Another technique, deBono’s “Six Hats” method, was described in an October post on this blog.

    Not surprisingly, a good source for ideas is the business media, especially around high tech – bad meetings impose significant and discernible costs in those environments.  In a blog post “How To Run Your Meetings Like Apple and Google” Sean Blanda gathers some meeting principles from several much admired organizations.

    Two from Apple:

    1. Every project component or task has a Directly Responsible Individual whose name appears next to all of the agenda items they are responsible for.
    2. Be prepared to challenge and be challenged. 


    1. All meetings should have a clear decision maker.
    2. No more than ten people at a meeting.
    3. Decisions should never wait for a meeting.
    4. Kill ideas, and meetings. Focus more resources on fewer efforts. 
    5. Focus has to permeate every aspect of a company, including meetings.

    From a variety of sources here are a few good ideas that could make a difference college and university meetings. They are simple and concrete:

    • Compute the cost of the meeting
      • Even if only as a thought experiment, multiply the time by the salaries of the attendees and have a clear picture in your head about how much of the institution’s budget you will consume in this meeting.  How many person-days of work will it eat up?  Make sure it is worth the cost.
    • Make purpose of meeting explicit and clear.  
      • Why are you gathering these people together?
    • Control the size.  
      • Invite the people who need to be there to accomplish the purpose.
    • Assign someone to take notes. Tidy them up and distribute promptly.
    • Come with solutions, not questions/problems.  
      • Meeting chair must do her/his homework and put potential solutions in front of meeting for discussion, feedback, evaluation, expansion rather than announcing problem and throwing it open for suggestions.  People do not generate good solutions on the spot.
    • When brainstorming, forbid criticism.
      • Don’t let people waste time with “war stories” (“we tried that back in 1995….”)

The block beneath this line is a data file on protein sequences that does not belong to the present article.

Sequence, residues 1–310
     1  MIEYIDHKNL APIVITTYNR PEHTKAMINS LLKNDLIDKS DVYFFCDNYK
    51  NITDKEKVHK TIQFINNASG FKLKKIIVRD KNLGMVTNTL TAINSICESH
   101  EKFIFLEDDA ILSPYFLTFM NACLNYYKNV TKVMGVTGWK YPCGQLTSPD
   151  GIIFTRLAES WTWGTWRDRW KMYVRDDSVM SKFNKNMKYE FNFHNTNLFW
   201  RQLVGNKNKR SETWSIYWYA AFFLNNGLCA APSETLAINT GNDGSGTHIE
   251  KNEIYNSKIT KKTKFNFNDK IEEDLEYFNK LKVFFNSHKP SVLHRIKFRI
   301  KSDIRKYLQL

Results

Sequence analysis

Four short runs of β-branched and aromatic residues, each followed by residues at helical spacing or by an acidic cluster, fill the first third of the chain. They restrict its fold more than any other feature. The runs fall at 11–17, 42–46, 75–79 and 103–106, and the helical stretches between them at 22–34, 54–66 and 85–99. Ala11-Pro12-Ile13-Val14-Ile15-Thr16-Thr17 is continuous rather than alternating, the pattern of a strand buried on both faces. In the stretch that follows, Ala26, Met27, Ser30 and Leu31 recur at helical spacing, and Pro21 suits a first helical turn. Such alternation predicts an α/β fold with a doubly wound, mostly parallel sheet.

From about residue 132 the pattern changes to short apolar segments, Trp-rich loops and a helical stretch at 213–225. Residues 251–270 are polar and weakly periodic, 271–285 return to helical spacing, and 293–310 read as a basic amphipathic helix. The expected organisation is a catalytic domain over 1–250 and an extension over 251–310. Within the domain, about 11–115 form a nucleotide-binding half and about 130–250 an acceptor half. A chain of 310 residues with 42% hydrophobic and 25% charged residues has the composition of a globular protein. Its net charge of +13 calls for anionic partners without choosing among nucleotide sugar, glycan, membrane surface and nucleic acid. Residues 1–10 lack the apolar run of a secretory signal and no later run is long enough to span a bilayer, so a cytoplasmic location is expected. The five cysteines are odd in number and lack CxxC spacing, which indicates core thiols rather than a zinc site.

• Don’t waste time flaw-finding until you have narrowed the field of options
      • Don’t encourage people who are lazy negative thinkers
    • Manage ramblers and control tangents.  
      • Model focussed participation and call out lack of focus.  
      • Focus on action, responsibility, and completion.  When conversation rambles, loses focus, bring it back with what can actually be done.
      • Don’t be afraid to call people on being broken records.
      • Structure agenda and your comments to promote focus.
    • Who is responsible? 
      • Every task needs one ultimately responsible individual.
      • Every document has a responsible author and an explicit list of contributors.
      • Invite list should include people who can do things that will be talked about.
    • Be deadline driven.  
      • Make timelines that capture actual priorities.
      • Review what people promised last time and whether it’s been done (don’t just ask for reports, as chair you should already know).
      • Cultivate a “get it done” rather than “delay until it’s perfect” culture.
    • Eschew excuses.  
      • Hold one another accountable rather than understanding why things are not done.
    • Don’t talk about meetings as work
      • Work is what happens in between meetings.  Do not valorize having a schedule that is full of meetings.

    References and Resources

    1. Jeff Weiner.  “A Simple Rule to Eliminate Useless Meetings
    2. Sean Blanda. “How To Run Your Meetings Like Apple and Google
    3. Amy Gallo. “The Seven Imperatives toa post Keeping Meetings on Track
    4. Christopher Wink. “Technically Media meeting style: effective, productive and professional from home